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Med Educ Online. 2013; 18: 10.3402/meo.v18i0.20961.
Published online 2013 May 6. doi:  10.3402/meo.v18i0.20961
PMCID: PMC3647042

Emerging alternative model for cardiothoracic surgery training in India



In India, cardiothoracic (CT) surgery training follows a 3+3-year model, where 3 years of general surgery residency with certification (MS/DNB) is required for entering 3 years of thoracic surgery residency (MCh/DNB). There are two certifying boards at the national level. One being the Medical Council of India (MCI), which oversees the major accreditation process involving the undergraduate and postgraduate medical education in India, and the other being the National Board of Examinations (NBE), which was formed for the purpose of establishing a uniform standard of postgraduate medical education. Recently, the latter body has come up with an alternative model for thoracic surgery residency in India. This model includes an integrated 6-year residency, with lesser emphasis on general surgical skills and greater exposure to CT surgery.


Changes to the current model of training for CT surgery is the need of the hour and should be initiated very soon by the MCI to meet the future demand for CT surgeons in India. An integrated training program is essential to create a new generation of cardiovascular specialists. Future directions to achieve this goal must include modifications to the undergraduate programs so as to infuse interest for CT surgery in the young minds of medical students.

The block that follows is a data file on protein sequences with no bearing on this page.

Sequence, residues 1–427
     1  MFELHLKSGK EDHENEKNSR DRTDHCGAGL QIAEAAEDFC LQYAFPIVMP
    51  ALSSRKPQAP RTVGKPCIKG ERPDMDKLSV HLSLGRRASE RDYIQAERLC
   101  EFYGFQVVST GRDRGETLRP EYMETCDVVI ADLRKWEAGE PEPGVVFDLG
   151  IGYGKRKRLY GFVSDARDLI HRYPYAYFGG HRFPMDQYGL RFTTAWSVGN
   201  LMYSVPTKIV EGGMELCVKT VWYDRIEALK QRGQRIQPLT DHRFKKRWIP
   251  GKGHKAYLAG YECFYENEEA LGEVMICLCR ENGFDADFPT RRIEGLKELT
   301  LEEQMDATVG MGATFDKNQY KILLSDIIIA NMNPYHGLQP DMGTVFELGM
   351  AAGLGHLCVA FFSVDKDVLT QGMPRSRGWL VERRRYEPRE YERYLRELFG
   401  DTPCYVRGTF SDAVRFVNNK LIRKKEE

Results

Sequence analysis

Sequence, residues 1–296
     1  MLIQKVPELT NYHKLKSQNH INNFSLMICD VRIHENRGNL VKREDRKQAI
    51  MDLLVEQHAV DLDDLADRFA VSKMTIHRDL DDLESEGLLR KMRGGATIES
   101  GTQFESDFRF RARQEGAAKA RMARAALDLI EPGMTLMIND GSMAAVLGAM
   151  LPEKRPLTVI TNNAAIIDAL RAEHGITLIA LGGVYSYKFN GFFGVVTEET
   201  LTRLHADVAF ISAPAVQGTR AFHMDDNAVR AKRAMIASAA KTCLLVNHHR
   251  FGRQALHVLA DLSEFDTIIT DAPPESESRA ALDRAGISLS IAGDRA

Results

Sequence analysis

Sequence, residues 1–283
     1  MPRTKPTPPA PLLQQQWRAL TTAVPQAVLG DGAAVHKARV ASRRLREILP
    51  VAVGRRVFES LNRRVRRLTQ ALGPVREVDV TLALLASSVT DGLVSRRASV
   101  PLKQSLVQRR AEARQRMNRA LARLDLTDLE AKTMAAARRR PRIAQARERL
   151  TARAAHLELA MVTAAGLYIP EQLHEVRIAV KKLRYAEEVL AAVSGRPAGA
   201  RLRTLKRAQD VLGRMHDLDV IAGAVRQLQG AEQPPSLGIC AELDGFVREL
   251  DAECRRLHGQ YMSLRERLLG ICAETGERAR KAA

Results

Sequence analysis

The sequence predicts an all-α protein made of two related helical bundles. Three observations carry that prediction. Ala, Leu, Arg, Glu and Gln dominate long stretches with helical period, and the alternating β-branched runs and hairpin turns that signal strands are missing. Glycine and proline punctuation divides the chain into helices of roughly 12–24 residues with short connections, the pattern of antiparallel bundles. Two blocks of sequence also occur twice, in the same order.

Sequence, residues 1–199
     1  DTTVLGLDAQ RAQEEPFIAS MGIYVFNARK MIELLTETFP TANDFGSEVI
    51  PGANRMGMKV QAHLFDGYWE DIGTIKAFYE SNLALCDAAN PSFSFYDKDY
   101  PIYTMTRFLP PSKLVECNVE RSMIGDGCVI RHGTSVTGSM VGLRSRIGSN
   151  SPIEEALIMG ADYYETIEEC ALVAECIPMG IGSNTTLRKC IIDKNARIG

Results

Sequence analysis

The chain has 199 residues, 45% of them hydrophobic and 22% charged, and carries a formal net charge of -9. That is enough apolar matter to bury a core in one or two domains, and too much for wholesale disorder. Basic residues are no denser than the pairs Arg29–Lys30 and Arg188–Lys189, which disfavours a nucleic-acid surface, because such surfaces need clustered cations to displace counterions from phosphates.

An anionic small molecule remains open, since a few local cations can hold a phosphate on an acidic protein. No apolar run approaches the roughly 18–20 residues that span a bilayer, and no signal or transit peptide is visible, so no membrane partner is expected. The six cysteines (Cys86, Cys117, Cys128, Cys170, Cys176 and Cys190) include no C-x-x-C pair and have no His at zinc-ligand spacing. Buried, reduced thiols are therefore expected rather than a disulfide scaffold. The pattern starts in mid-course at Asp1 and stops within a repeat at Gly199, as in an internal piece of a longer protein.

Keywords: thoracic surgery, training, India


With a teeming population of more than 1.1 billion people, the Indian health-care machinery is struggling to cope up with the rising burden due to both communicable and chronic diseases. Many studies on Indian immigrants and cross-sectional studies from India have shown a high prevalence of coronary artery disease (CAD) in the Indian population and this figure is several times higher than in industrialized nations (1). Moreover, there exists an additional burden due to the coexisting 5 million people with rheumatic heart diseases. Nearly 40% of these two groups require cardiac surgery and added to these numbers are about 1.5 million children requiring surgical correction for congenital heart defects. There are about 50 cardiothoracic (CT) training programs, with 100 residents completing training every year. The total number of CT surgeons in India is only about 1,000, performing 70–80,000 surgeries per year in 174 centers (2). Hence, there is an urgent necessity to clear the huge backlog in CT procedures as well as to plan for the increasing demand in the future. There is a strong need for more centers across the country to impart an efficient and attractive CT training program to encourage young surgeons to take up this demanding surgical super specialty.

Burden of CT problems in India